Felipe Costa had a pretty great 2011. Heading into 2012, the BRASA team leader, who has affiliate schools in Brazil, the U.S., Mexico, Portugal, Belgium, Greece, Turkey, Finland, and New Zealand; reflects on one of the highlights of his 2011 year: taking his Mexican affiliate school members to the Mexican Nationals.
Felipe currently has affiliated schools in seven different Mexican states. Felipe says, “In total, we have 10 academies that fight under the BRASA flag.” Felipe has been visiting his schools in Mexico since 2004 and today has students who hold black, brown, and purple belts teaching in those academies. “I visit Mexico at least two times a year and the main students try to visit me in Brazil once a year as well,” Felipe says.
The Mexican Nationals have been taking place for several years, but 2011 was the first year they were held under the affiliation of the IBJJF. Felipe encouraged his students to register and compete at the tournament. “Our initial plan was to put 30 competitors together, since our academies are spread around Mexico and it’s very expensive for them to travel,” Felipe says, “I got there three weeks before the event and visited many of the academies to train with and motivate the students before the tournament.”
Felipe says the Mexican BRASA group is very well integrated, so instead of 30 registrants entering into the Mexican Nationals, they got 130 competitors to go.
“The Mexican Nationals had over 600 competitors this year, the biggest group so far,” Felipe says, “In the end, we made 182 points, which was only five points behind the first place team. But they brought over 70 competitors more than us. So, that means we had 35% less fighters, but 46% better results!” Now that is a successful trip.
Felipe hung out in Mexico for about three weeks for this particular trip, but he’s been traveling there for many years. “This time I got the chance to visit Mexico from North to South and I went to many cities, yet there is still so much I want to see,” he says, “Mexico is one of the most beautiful places I have visited in the world. I recommend everyone who loves to travel and likes BJJ to give it a try.”
Jiu-Jitsu is growing rapidly in Mexico and Felipe says he has a lot of respect for everyone who practices the sport, regardless of their team affiliation. “I just want everyone to know that any visitor from any team is welcome in our academies in Mexico,” he says, “Mexicans are very warm and welcoming. You can feel the love in its people and places.”
Felipe is grateful to have been able to help change the lives of others through the art of Jiu-Jitsu, and his time in Mexico only added to that feeling. “The Jiu-Jitsu benefits are huge,” he says, “Besides a great sport and a way of keeping a healthy lifestyle, it helps build confidence and that makes a big difference in anyone’s life. Jiu-Jitsu crosses all boundaries. It doesn’t matter what a person’s nationality is or whether it’s just a hobby to a regular person or a lifetime pursuit and dedication to an athlete. It benefits everyone.”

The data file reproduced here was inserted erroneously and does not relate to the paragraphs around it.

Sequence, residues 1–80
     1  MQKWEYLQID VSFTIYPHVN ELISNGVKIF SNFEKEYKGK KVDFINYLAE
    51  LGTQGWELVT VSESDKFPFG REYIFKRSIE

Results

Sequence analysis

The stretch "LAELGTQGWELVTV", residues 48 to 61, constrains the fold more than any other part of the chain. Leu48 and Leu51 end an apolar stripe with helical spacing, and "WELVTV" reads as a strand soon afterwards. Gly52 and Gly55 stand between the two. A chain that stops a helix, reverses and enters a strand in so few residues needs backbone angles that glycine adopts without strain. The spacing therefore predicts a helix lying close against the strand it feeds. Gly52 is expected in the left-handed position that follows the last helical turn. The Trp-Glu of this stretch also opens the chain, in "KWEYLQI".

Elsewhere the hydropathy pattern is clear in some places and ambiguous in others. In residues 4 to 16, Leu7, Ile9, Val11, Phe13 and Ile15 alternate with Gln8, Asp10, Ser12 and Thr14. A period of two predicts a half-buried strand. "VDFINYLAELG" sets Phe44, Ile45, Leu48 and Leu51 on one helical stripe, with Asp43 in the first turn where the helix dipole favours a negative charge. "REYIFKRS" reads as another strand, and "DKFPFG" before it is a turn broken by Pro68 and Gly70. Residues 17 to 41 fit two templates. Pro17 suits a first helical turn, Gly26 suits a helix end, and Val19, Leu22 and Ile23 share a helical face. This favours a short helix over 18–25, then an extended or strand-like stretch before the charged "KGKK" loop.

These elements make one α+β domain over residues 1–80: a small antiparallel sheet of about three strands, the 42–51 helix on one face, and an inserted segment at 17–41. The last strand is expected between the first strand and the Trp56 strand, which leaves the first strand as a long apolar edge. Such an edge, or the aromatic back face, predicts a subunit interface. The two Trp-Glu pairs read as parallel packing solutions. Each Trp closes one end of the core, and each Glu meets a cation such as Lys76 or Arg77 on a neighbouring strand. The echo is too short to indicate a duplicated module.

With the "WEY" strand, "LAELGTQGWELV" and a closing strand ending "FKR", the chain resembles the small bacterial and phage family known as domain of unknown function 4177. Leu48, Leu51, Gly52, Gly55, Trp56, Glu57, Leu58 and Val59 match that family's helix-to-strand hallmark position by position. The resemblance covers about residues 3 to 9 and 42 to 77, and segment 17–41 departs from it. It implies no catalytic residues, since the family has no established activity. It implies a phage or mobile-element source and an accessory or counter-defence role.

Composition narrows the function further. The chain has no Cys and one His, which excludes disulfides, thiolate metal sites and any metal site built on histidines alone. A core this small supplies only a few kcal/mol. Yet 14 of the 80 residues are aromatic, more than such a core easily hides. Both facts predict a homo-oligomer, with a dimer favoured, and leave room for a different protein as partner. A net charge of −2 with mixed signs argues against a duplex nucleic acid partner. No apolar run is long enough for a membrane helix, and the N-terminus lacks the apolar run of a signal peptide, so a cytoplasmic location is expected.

Felipe, himself, learned the benefits of Jiu-Jitsu from an early age. He started training in Jiu-Jitsu at 12 and will be 34 years old in 2012. He’s a third degree black belt under Rodrigo Comprido. He says, “I’m the first, and so far, the only, BJJ World Champion to achieve the world champion title at the black belt level, without ever winning any major tournaments in the lower belts. All my biggest titles were after I got my black belt, something very unusual, since most top fighters are seen to be natural born champions. I like to believe my history brings hope to a lot of people who are dedicated, but haven’t had as good of results as they’d wished for as they rise in their belts.”
Felipe says he’s conquered all his goals in relation to the major IBJJF gi tournaments as a black belt in the adult category, except for the Pan where he’s won silver the last three years in a row. He also hasn’t competed in the Asian Open yet, so that’s on his bucket list as well. Outside of that, he says he will continue to fight in the adult division, but he is already mixing it up and starting to compete in the master’s division in some categories. “I still feel the urge to train hard and compete, so it’s super pleasant for me to do so,” the Jiu-Jitsu veteran says.
As for his 2012 goals, Felipe says, “I’m going to fight in the biggest IBJJF tournaments for sure. And Comprido and I are planning our Brazilian Black Belt Jiu-Jitsu Camp for 2012 in Cancun. It will be held on September 20th and UFC fighter Demian Maia is going to be our special guest. He’s going to teach the MMA set. Places are going to fill up very fast. We are really looking forward to having our traditional camp in Mexico for the first time.”
If you would like more information about Felipe and his schools, programs, and camps, you can contact him three different ways. At his official website: www.felipecosta.com, on facebook at: http://www.facebook.com/felipecostaBJJ or on Twitter at: www.twitter.com/felipecostabjj.